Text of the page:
MassivelyOP’s 2019 Golden Yachties: Worst gaming slogan of the year

    
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MassivelyOP’s 2019 Golden Yachties: Worst gaming slogan of the year

MassivelyOP’s not-so-serious end-of-the-year awards continue today with our pick for Worst gaming slogan of the year. If you’re wondering what the heck a Golden Yachtie is, you can get caught up with the first award. And the winner is…

Surprise Mechanics

It turns out there’s no bottom to EA’s willingness to degrade itself over lockboxes, as this past summer EA VP of legal and government affairs Kerry Hopkins insisted to a UK parliament committe that the company’s lockboxes are healthy, ethical, and fun – indeed, that they constitute surprise mechanics.

If you’re for some reason tempted to feel sorry for EA for this shade, just remember that 2017’s worst catchphrase, EA’s claim that lootboxes provide a “sense of pride and accomplishment,” actually holds the Guinness World Record for Reddit downvotes as of this year. We hope that gives the company its own sense of pride and accomplishment.

Want to nominate another winner? Let us know in the comments, and don’t forget to check out our serious MMO awards while you’re at it.

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Dobablo

Anyone who claims that games are not political, especially the developers.

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Utakata

Or tl,dr: Surprise muthafu#ka! o.O

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NeoWolf

“soon”tm

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Bryan Correll

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surpise mechanics.jpg
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Arktouros

Surprise Mechanics is a term they’re using to describe the numerous other sources of “surprise” or “random” or “chance” based mechanics. Whether it’s baseball cards, magic the gathering cards, gacha, Kinder eggs, or yes loot boxes they all operate on the same principle of paying a cost and getting something random in return.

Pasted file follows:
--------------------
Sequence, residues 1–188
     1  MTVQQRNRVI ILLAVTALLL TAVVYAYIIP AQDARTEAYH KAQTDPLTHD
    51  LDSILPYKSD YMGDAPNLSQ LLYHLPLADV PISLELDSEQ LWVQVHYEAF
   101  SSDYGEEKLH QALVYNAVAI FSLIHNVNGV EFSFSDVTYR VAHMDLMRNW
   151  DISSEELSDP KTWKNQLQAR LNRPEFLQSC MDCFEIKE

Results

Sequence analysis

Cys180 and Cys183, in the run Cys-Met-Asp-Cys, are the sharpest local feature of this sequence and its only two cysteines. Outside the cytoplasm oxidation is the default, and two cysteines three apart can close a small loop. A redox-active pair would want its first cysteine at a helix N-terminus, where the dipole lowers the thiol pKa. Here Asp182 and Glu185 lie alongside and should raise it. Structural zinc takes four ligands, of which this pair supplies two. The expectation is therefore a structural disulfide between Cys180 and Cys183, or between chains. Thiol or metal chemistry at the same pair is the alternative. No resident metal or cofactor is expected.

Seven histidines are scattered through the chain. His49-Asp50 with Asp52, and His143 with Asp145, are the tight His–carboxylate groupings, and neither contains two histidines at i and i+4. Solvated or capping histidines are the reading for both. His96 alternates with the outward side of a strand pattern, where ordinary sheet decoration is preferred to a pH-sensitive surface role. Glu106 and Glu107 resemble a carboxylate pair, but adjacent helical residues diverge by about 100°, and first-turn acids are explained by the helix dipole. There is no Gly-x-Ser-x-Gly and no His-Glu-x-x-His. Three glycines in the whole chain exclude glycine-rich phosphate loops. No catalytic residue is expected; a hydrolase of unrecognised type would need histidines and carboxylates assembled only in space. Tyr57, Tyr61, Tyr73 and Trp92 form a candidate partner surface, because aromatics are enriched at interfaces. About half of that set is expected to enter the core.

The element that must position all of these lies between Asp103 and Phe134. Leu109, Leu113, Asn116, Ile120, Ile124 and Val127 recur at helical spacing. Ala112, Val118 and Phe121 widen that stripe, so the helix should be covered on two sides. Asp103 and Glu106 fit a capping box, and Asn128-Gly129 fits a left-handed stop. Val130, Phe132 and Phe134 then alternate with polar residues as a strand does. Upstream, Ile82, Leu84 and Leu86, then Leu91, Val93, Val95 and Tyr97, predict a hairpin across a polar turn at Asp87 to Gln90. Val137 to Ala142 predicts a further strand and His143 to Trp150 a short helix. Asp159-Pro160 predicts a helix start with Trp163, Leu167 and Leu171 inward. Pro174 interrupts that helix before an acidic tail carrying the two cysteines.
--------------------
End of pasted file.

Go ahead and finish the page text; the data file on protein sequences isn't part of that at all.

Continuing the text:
Nothing they could have used to describe lockbox mechanics wouldn’t garner the immense amount of hatred and animosity people have for lockboxes. There isn’t a magic set of words that’s somehow going to alleviate or placate people over loot boxes.

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EmberStar

I’m pretty sure the context though was that the member of the committee specifically asked about loot boxes. And she replied “Oh, we don’t call them loot boxes. They’re surprise mechanics.” They may *also* be using it to refer to other things, but they were trying to obfuscate the discussion by trying to redefine the terms being used.

As in “Well, maybe loot boxes are bad. But *our* random chance packages aren’t loot boxes, because we changed the name, see? It says right there, ‘Not A Loot Box.’ So everything is fine!” (Not the actual quote, but that’s certainly how I interpreted the *intent* of that bit of weasel speech.)

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Arktouros

You can go re-watch the interview and her exact words are:

“Well first we don’t call them loot boxes…so what we look at it as surprise mechanics.”

She then goes on to put that description into context by describing going to “Target” and how there’s a variety of toys there that rely on surprise for enjoyment (Kinder Eggs, Hatchimals, LOL Surprise!, etc) and how they see what they’re selling in context of that.

So they’re not trying to redefine the terms being used, they’re trying to define the context in which they see their product. They want to be associated with existing forms of products that use similar principles/mechanics and “surprise mechanics” is simply the term they use to describe those products’ type.

This isn’t any more biased than those who call loot boxes gambling and want the negative associations therein tied to loot boxes. Obviously they want a softer view of their product and critics want the harsher view.

camren_rooke
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camren_rooke

Pretty much every time I see EA has a new game.

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EmberStar

Jedi Fallen Order is good though. (Although Oggdo Boggdo can take a flying leap at a trash compactor. Stupid frog.) But I guess that happened more or less *despite* EA, rather than as an intentional result of anything on EA’s part.